Yes, all Christians should read this book and I will get the other one you talked about.
    Ok, well, thanks for letting me preach. You inspired me.

    • Kristin Hamilton says:

      Isn’t it interesting, Mary, that we manage to alienate so many people with a story that is so full of grace and redemption, often because people haven’t taken the time to read and understand the WHOLE story?
      I can only claim to be God’s spokesperson of love, anything else feels like so much arrogance to me. I would be scared to death to insert myself as a gatekeeper of orthodoxy regardless of how well I know the Bible.

  5. mm Katy Drage Lines says:

    Kristin, your story articulates so well both who you are and what I long for the American church to be. This, I believe, the the crux of your post: “As I wrestled and struggled, I found that God’s wrath is never as deep as ours when it comes to who belongs and who doesn’t.”

    • mm Katy Drage Lines says:

      I think I am also a bit envious that you are able to trace your wrestling with markers like this. Like you, I’ve gradually moved from a homophobic upbringing to one that much more resembles your position. Yet I don’t (yet?) have words or stories to describe that transition. I appreciate both your journey and your ability to express it.

      • Kristin Hamilton says:

        Thank you Katy! I am incredibly grateful for those markers as well but I believe the journey you have taken is just as valuable because you have come to a point of love over fear or judgement. Just as your heart was broken for the Turkana, your heart has been broken for the American community you serve. It’s a beautiful thing to witness. 🙂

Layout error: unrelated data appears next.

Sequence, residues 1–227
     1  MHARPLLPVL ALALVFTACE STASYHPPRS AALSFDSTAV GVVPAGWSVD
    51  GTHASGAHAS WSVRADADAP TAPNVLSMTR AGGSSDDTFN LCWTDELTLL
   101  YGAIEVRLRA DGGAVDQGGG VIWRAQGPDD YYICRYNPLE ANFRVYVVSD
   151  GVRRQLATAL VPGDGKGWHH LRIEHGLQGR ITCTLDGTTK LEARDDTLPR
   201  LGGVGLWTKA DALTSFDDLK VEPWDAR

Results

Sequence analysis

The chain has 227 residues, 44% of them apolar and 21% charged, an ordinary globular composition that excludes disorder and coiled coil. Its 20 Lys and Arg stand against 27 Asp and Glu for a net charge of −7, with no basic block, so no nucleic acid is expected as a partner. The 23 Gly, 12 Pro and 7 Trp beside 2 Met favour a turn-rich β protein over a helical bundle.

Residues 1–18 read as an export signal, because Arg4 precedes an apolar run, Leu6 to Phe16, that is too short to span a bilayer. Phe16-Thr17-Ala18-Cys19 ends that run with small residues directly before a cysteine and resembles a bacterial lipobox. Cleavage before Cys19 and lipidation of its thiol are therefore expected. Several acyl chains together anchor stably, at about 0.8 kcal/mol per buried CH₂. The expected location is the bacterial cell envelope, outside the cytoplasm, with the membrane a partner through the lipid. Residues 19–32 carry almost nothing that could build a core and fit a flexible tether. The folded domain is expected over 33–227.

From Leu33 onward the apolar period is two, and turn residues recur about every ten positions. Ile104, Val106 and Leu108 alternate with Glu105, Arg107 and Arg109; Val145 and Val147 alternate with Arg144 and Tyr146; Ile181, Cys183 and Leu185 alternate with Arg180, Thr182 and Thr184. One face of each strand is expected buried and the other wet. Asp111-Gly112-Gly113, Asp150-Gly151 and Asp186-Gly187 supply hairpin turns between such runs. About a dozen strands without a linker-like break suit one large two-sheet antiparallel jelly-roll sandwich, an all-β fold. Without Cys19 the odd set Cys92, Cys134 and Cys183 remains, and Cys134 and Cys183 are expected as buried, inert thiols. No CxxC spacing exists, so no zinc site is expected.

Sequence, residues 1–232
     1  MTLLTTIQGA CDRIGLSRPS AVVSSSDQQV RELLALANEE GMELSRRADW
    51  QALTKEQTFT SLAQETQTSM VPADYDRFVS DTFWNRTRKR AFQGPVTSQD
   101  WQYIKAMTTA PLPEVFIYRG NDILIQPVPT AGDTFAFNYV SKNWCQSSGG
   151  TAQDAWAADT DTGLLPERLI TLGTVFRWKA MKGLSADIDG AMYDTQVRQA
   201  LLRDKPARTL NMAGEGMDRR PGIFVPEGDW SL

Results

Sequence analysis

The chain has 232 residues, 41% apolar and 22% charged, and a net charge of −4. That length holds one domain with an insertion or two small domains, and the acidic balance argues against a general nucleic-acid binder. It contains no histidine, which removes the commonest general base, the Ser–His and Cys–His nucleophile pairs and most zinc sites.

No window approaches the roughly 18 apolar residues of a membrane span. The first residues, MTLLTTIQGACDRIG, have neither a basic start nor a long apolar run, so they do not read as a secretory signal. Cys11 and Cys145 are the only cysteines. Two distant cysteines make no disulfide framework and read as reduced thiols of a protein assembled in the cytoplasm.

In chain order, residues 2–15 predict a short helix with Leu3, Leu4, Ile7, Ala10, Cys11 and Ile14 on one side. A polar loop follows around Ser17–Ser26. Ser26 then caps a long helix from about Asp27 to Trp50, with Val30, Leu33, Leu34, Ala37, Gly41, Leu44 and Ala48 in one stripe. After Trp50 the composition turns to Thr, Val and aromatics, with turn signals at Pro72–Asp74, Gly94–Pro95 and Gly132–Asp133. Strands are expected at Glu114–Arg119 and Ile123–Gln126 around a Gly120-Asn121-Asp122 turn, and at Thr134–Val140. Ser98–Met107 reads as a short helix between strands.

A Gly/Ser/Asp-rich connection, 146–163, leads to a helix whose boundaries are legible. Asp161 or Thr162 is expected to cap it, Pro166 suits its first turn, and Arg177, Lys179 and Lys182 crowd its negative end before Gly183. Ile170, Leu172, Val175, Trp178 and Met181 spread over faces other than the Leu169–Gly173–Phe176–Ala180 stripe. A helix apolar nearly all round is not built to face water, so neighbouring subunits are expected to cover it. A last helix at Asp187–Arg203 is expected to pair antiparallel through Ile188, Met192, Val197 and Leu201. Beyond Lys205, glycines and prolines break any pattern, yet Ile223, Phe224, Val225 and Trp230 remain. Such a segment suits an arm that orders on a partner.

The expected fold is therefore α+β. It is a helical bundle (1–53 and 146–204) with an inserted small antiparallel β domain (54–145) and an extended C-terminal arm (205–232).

6. Christal Jenkins Tanks says:

    Kristin I was looking forward to reading your post this week. In getting to know you and your heart for this community I was very interested in your thoughts on Marin. I think because our culture has a very shallow perspective on Love we forget/deny the power of God Love towards us. Furthermore, the love we should be showing to others. Wrestling and struggling to me are apart of our faith walk. All of us as long as we are on this earth will have to endure it in some form or fashion. I think we forget that and hope that every question has a simple answer. It is just not the case. I have not found that to be true in my own life but I trust the Spirit of God enough to lead and guide me every step of the way. Thank you for sharing your personal narrative with us! Powerful testimony! 🙂

    • Kristin Hamilton says:

      Oh wouldn’t it be nice if all of the answers were easy, Christal?! Yet it is the wrestling that seems to lead us to love, regardless of where we land on the theology of it all. Thank you!

  7. Lynda Gittens says:

    Thank you for your awesome post. I remember Philadelphia. I cried so much but it was a powerful story. It revealed the importance of insurance.

    I am glad you shared your story with us. We must stay connected to the Holy Spirit so that we walk right with God’s vision.

    • Kristin Hamilton says:

      Yes, Lynda! I trust the Holy Spirit to keep me focused on what matters most.
      I love the way your story about insurance dovetails with the thoughts I had from Philadelphia. So many organizations and entities seek to dehumanize every person, especially those on the margins, that it is crucial the church avoids this at all costs.